Compartment Carriage

The idea was to get on, draw the curtains and hope that no one was willing to walk the far length of the platform to get into this carriage. The overnighter only had a couple of stops, so if you were lucky you’d get a reasonable nights sleep, quite cheaply. Didn’t always work out like that though and then you glared daggers at the person invading your space. But that’s another age.

Of course. sometimes they didn’t put the compartment carriage on and then it was slum it in the upright seats and boy they were uncomfortable, especially overnight.

Rail Carriage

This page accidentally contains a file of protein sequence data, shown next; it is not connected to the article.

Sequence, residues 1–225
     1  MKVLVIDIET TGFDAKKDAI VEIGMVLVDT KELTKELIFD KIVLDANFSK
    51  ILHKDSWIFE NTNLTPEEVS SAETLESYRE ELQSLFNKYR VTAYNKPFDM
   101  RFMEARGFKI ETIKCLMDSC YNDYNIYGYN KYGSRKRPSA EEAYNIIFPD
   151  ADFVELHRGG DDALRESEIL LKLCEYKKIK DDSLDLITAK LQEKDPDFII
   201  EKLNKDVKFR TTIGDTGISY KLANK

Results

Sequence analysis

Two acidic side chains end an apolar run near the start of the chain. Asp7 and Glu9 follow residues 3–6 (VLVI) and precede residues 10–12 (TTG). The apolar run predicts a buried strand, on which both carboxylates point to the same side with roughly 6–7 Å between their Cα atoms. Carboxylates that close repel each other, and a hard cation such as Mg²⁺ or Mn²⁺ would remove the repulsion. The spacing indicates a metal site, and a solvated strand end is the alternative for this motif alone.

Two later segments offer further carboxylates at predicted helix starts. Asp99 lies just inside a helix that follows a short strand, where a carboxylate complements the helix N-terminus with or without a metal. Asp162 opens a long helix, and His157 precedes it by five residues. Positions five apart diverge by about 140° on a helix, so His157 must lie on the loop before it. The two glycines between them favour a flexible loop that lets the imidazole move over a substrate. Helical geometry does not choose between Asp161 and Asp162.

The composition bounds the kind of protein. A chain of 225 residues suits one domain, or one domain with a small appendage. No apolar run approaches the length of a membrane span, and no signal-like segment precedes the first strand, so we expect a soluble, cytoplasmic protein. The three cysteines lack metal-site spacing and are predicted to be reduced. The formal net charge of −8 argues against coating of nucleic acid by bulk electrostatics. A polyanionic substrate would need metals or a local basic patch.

So let’s get on with it. It’s still raining and we’re back at Carrog now.

Wet Carrog

There’s a short delay whilst the diesel unit is transferred to the other end of the train, ready to make the journey to Llangollen, via Glyndyfrdwy and Berwin stations. During the changeover I was able to grab a quick photograph inside the cabin of the diesel unit.

Diesel Cabin

I should mention here, that all of the inside photographs on today’s post were taken using the HDR function of the E-M1. I used bracket sets of 3 photographs (-2, 0, +2 Ev), all hand-held without a tripod. No HDR software though. I mainly use Luminosity Masks now to combine my bracket sets.

No Smoking

Oh! This brings back memories. No smoking compartments. Unlike today, these were few and far between on trains. Heaven help anyone who tried to light up in these sacrosanct carriages. If I remember rightly it was also punishable by a fine of about £50 for smoking in the “No Smoking” carriage.